Vicis is bringing its high-tech helmet technology from the playing field to the battlefield.
The Seattle startup today announced a contract with the U.S. Army to improve the safety of Army and Marine Corps combat helmets.
Vicis spun out of the University of Washington in 2014 and has developed a football helmet used by players across the NFL, NCAA, and high school levels.
But now the 85-person company is exploring new business verticals. Vicis will work with U.S. Army researchers to figure out ways to replace existing foam liner pads in combat helmets with liner technology already used in its football helmets.
The idea is to come up with a helmet that not only shields service members from gunfire and shrapnel, but also blunt impact both on the battlefield and in training settings.
“The military work aligns with our mission and allows us to protect those who protect us,” said Vicis CEO Dave Marver. “It’s still early, the technology remains in development, but it’s very promising and we’re hopeful it will make a big difference in the lives of our servicemen and women.”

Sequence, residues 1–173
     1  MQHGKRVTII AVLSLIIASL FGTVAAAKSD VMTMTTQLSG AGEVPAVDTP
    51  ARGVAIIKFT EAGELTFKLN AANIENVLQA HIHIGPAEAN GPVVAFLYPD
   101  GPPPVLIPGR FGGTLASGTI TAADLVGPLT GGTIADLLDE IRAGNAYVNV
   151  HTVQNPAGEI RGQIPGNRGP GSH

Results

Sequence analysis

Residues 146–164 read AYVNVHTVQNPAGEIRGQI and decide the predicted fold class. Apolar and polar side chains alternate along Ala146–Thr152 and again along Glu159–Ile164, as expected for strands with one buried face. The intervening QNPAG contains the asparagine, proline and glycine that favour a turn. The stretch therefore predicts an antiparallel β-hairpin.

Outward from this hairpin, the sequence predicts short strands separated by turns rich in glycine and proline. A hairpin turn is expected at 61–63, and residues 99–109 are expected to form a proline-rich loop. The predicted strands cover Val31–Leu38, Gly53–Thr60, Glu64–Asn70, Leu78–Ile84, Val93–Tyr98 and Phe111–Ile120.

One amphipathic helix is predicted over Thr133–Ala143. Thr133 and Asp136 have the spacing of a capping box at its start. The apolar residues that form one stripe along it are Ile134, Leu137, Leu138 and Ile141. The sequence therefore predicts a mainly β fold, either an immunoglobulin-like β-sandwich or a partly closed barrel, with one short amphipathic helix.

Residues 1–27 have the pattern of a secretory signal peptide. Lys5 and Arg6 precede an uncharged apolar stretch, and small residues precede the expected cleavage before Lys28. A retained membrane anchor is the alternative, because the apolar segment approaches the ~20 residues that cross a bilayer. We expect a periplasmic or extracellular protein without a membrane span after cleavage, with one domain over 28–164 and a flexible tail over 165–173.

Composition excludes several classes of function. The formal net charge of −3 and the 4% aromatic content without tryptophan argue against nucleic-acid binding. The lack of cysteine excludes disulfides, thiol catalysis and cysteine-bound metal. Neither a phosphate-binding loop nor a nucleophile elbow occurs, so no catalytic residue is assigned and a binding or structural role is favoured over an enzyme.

Vicis is still committed to its original mission of protecting youth athletes. Marver said it’s difficult to pinpoint how much of the company’s business will come from military-related projects.
Vicis has created a new Military Coalition to help advise the startup with its new endeavor:
- Gen. Peter Chiarelli USA (Ret.), the U.S. Army’s 32nd Vice Chief of Staff who led Department of Defense efforts to address post-traumatic stress and traumatic brain injury.
- Vice Admiral Kevin Cosgriff USN (Ret.), former commander of the U.S. Naval Forces Central Command.
- Gen. Charles Wald USAF (Ret.), former Deputy Commander, U.S. European Command.
This year, Vicis has already received orders from all 32 NFL teams, more than 90 NCAA programs, and more than 500 high schools. Its ZERO1 helmet was one of Time Magazine’s 25 Best Inventions of 2017 and placed first in the NFL’s recent helmet safety test.
Vicis has raised more than $50 million to date from investors like Seahawks quarterback Russell Wilson; prominent spine and neurological surgeons; Cincinnati Reds minority owner Harry Fath; angelMD; W Fund; Alliance of Angels; and Trilogy Equity Partners. It just kicked off fundraising efforts for another funding round, Marver said. The company was a finalist for the Hardware of the Year category at this month’s GeekWire Awards event.